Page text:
List Coloring of Planar Graphs

A proper coloring of a graph is an assignment of colors to vertices of a graph such that no two adjacent vertices receive the same color. A graph is k-colorable if it can be properly colored with k colors. For example, the famous Four Color Theorem states that “Evey planar graph is 4-colorable“. This is tight, since a complete graph on four vertices is 4-colorable but not 3-colorable. Deciding if a graph is 3-colorable is NP-hard. It is natural to ask which planar graphs are 3-colorable.

Grotzsch’s Theorem : Every triangle-tree planar graph is 3-colorable.

Dvorak, Kawarabayashi and Thomas [DKT ’08] presented a very short proof of Grotzsch’s theorem and a linear-time algorithm for 3-coloring such graphs.

Given a graph and given a set L(v) of colors for each vertex v, a list coloring is a proper coloring such that every vertex v is assigned a color from the list L(v). A graph is k-list-colorable (or k-choosable) if it has a proper list coloring no matter how one assigns a list of k colors to each vertex.

If a graph is k-choosable then it is k-colorable (set each L(v) = {1,…k}). But the converse is not true. Following is a bipartite graph (2-colorable) that is not 2-choosable (corresponding lists are shown).

A graph is k-degenerate if each non-empty subgraph contains a vertex of degree at most k. The following fact is easy to prove by induction :

Exercise : A k-degenerate graph is (k+1)-choosable

Are there k-degenerate graphs that are k-choosable ? Following are some known results and open problems :

  • Every bipartite planar graph is 3-choosable [Alon & Tarsi ’92]. It is easy to prove that every bipartite planar graph is 3-degenerate.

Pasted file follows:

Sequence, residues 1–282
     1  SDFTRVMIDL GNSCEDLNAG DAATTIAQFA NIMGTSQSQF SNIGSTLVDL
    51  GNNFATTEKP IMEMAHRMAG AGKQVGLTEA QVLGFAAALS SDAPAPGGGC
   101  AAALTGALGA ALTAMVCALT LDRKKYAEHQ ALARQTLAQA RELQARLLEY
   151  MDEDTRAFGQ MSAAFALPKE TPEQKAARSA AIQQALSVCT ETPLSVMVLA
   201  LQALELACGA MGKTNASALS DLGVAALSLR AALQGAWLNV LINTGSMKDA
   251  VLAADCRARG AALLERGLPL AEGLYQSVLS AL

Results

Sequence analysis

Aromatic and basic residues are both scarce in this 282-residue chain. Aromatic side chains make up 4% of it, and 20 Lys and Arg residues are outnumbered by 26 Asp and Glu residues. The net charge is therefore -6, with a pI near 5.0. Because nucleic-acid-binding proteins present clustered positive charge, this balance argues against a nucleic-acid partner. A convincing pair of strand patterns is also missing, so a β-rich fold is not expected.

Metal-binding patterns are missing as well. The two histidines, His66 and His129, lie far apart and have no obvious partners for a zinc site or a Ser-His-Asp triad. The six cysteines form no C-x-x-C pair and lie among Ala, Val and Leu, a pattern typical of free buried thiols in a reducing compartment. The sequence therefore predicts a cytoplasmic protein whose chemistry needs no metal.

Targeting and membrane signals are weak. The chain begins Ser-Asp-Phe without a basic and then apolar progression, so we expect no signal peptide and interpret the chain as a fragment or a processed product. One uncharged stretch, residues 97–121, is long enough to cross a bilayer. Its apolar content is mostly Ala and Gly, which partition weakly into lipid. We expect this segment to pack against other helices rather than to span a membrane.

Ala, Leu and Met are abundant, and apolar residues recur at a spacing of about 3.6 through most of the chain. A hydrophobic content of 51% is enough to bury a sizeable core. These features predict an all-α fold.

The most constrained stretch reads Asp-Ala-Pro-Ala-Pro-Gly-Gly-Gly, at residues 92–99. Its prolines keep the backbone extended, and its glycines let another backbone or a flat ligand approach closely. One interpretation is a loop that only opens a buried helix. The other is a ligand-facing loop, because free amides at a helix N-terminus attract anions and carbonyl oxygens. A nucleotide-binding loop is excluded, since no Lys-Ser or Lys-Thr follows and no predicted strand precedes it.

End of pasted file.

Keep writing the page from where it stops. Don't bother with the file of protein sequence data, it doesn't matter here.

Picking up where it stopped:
• Every planar is 5-choosable [Thomassen ’94]. Note that every planar graph is 5-degenerate. There are planar graphs which are not 4-choosable [Voigt ’93].
  • Every planar graph of girth at least 5 is 3-choosable. This implies grotzsch’s theorem in a very cute way [Thomassen ’03]. There are planar graphs of girth 4 which are not 3-choosable [Voigt ’95].

Open Problems :

  • There is a conjecture stating “Every 3-colorable planar graph is 4-choosable”. Prove or disprove this conjecture. A positive answer implies four color theorem !!
  • Another open problem (I learnt this problem from Robin Thomas‘s course on Graph Minors in Spring’2008) is “Find a linear-time algorithm to 3-list-color planar graphs of girth 5”. Thomassen’s Proof [Thomassen ’03] gives a quadratic algorithm. I could not convert his proof into a linear-time algorithm. Probably it requires a new proof. It might be possible to get an O(n{\log}n) algorithm using the data structures of [KK’03].

References :

  • [Alon & Tarsi ’92] N. Alon, M. Tarsi: Colorings and orientations of graphs. Combinatorica 12(2): 125-134 (1992)
  • [Thomassen ’94] C. Thomassen: Every Planar Graph Is 5-Choosable. J. Comb. Theory, Ser. B 62(1): 180-181 (1994)
  • [Voigt ’93] M. Voigt: List colourings of planar graphs. Discrete Mathematics 120(1-3): 215-219 (1993)
  • [Thomassen ’03] C. Thomassen: A short list color proof of Grötzsch’s theorem. J. Comb. Theory, Ser. B 88(1): 189-192 (2003)
  • [Voigt ’95] M. Voigt : A not 3-choosable planar graph without 3-cycles. Discrete Mathematics 146(1-3): 325-328 (1995)
  • [DKT ’08] Z. Dvorak and K. Kawarabayashi and R. Thomas : Three-coloring triangle-free planar graphs in linear time. SODA 2009.
  • [KK’03] Lukasz Kowalik, Maciej Kurowski: Short path queries in planar graphs in constant time. STOC 2003: 143-148

6 thoughts on “List Coloring of Planar Graphs

  1. Can you explain the difference between k-list colorable and k-colorable? does k-colorable imply k-list colorable or vice-versa?

    • For k-choosability, one has to choose the colors from the lists L(v) at each vertex. This constraint is not there for k-colorability. If a graph is k-choosable then it is k-colorable because we can simply set each L(v) = {1,…k}. But the converse is not true. The bipartite graph shown in the post is a counterexample. In this example, there is no way to 2-color the bipartite graph choosing the colors from the lists shown. We know that every bipartite graph is 2-colorable.

  2. On the first Open problem: the conjecture is false.
    See S. Gutner, The complexity of planar graph choosability. Discrete Math. 159 (1996), no. 1-3, 119–130 and
    Voigt, M.; Wirth, B. On $3$-colorable non-$4$-choosable planar graphs. J. Graph Theory 24 (1997), no. 3, 233–235.

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